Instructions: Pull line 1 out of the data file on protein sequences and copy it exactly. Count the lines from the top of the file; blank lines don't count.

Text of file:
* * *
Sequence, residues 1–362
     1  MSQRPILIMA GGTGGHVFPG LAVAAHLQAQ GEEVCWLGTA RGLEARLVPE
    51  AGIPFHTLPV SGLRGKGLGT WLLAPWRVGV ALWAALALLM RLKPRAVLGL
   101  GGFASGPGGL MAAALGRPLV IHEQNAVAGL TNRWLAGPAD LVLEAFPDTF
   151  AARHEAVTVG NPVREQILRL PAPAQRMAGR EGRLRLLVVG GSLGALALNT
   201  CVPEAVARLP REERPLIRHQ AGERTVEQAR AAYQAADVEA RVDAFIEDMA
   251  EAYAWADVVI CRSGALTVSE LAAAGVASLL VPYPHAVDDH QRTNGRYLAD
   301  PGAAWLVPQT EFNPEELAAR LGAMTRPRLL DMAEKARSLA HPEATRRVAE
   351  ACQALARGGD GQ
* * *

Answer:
Sequence, residues 1–362